The infamous Soviet-made suitcase bombs that supposedly disappeared from inventory sometime after the break-up of the Soviet Union have been the subject of numerous investigations and much fevered speculation. It is known that the Soviets, like the United States, developed small nuclear munitions, small enough to be fired in artillery shells or to be hand-carried (by one or more soldiers) as a demolition device. If they designed and built one that could actually fit in a large brief case, one of them has not shown up anywhere, nor has an official photograph or blueprint of it.

The ones described by Soviet General Alexander Lebed, in sensational Congressional hearings back in 1997, were supposedly in suitcases approximately 24 x 16 x 8 inches. A mock-up of such a bomb, using the warhead of an American nuclear artillery shell, was constructed and, indeed, all the necessary items -- neutron generators, batteries, arming mechanism etc. -- were successfully stuffed in around the cylindrical device itself. (For a photo of the mock-up and more see nuclearweaponarchive.org/News/Lebedbomb.html. This is an excellent site thanks to the expository writing of Carey Sublette.)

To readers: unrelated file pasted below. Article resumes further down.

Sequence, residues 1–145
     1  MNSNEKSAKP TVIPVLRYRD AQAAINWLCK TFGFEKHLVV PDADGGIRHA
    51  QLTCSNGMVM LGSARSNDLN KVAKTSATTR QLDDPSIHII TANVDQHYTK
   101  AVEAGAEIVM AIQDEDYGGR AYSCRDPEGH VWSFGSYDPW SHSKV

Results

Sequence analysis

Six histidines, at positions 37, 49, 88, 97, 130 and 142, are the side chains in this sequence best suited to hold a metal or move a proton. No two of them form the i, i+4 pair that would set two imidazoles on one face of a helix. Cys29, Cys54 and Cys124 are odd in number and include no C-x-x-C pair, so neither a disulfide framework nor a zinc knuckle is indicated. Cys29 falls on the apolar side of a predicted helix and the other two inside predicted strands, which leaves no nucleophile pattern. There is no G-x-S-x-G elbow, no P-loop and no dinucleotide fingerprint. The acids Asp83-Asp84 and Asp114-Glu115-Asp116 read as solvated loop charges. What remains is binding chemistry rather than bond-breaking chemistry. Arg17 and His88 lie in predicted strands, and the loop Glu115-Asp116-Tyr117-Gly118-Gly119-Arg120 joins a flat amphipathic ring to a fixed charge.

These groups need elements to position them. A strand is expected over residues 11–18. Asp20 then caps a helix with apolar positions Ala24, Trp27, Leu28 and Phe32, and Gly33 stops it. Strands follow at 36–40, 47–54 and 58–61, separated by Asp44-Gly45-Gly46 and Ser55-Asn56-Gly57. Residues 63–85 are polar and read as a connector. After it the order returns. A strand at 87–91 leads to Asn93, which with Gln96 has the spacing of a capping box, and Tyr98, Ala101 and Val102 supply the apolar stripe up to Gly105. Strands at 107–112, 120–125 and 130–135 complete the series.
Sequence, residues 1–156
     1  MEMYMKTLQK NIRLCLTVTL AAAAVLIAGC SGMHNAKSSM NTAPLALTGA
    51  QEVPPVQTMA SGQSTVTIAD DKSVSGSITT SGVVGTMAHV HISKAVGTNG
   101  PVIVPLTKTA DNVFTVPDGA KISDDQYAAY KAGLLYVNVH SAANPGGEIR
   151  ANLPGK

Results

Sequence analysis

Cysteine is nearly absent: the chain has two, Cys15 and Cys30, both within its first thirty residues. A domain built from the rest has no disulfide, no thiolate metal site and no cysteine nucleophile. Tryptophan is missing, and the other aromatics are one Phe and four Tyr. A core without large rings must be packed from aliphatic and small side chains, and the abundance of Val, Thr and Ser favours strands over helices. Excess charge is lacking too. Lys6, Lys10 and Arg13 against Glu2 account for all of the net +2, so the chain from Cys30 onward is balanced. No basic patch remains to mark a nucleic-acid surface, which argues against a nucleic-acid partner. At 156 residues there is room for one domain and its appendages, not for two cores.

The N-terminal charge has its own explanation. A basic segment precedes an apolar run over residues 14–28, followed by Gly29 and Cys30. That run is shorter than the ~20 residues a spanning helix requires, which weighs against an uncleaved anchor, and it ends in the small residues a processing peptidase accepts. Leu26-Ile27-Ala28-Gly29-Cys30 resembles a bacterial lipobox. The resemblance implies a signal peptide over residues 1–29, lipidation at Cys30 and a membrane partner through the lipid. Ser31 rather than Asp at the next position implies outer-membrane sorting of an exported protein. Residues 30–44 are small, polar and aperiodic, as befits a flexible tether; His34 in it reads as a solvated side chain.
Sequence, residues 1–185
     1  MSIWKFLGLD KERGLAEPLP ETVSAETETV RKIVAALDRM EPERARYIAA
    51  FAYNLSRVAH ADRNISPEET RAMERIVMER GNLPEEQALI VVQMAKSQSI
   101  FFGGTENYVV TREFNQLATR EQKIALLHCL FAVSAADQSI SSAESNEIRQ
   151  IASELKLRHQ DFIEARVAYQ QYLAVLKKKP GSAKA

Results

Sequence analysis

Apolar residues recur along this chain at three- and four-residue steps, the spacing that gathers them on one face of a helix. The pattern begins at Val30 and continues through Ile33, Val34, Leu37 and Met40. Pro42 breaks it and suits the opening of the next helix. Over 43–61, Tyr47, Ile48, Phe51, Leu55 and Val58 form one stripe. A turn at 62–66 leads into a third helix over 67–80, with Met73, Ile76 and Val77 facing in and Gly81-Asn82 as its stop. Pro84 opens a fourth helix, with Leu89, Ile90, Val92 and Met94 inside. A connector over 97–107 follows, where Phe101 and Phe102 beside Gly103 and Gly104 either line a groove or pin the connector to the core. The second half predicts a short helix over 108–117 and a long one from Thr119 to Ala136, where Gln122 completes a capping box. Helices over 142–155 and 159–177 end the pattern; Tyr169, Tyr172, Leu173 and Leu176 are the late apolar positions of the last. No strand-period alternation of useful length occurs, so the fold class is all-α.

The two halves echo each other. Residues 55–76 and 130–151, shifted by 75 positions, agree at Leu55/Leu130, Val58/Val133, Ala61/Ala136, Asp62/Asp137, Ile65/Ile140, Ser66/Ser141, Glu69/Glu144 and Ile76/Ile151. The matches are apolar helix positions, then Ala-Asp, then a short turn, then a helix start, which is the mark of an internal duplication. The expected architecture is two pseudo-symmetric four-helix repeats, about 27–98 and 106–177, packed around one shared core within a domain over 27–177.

There continue to be disturbing rumors, and in some cases evidence of fissile material and dangerous nuclear byproducts (strontium, cesium etc.) floating around the international underworld. And while nothing should be considered beyond the scope of determined terrorists with enough money, building a hand carried nuclear weapon "from scratch," so to speak, would be very difficult.

The starting point would be a critical mass of plutonium or U-233. This would be a sphere about 4 or 5 inches in diameter and weighing roughly 28 to 30 pounds. Since the carriers of the weapon would presumably be in close quarters with it for some period of time, the critical mass would have to be of "supergrade" plutonium, which would be relatively safe to handle because it gives off lower neutron emissions. Beyond that, design variations (neutron reflector, high explosive, trigger type etc.) and the packaging for the device would add to size and weight depending on materials used, ingenuity of layout and other factors.

Part of the design of U.S. and probably Soviet small atomic munitions was to insure maximum safety to handlers and enough robustness to preclude accidental damage. These might not be particularly acute considerations for some terrorists, who would be thinking more about portability and concealment.

There can be little doubt that next to the acquisition of an actual contained nuclear munition (in a suitcase or whatever) the acquisition of an artillery-type nuclear warhead would be the ticket for terrorists -- a sort of advanced starter kit. The smallest one the U.S. ever deployed in its arsenal was the M-45, which could be fired from a 155 mm cannon. It was 6.1 inches in diameter (caliber) and 34 inches long. It weighed up to 128 pounds. Remove the conical tip and fuse from one of those and you reduce the length enough to barely fit diagonally in the Soviet-sized suitcase.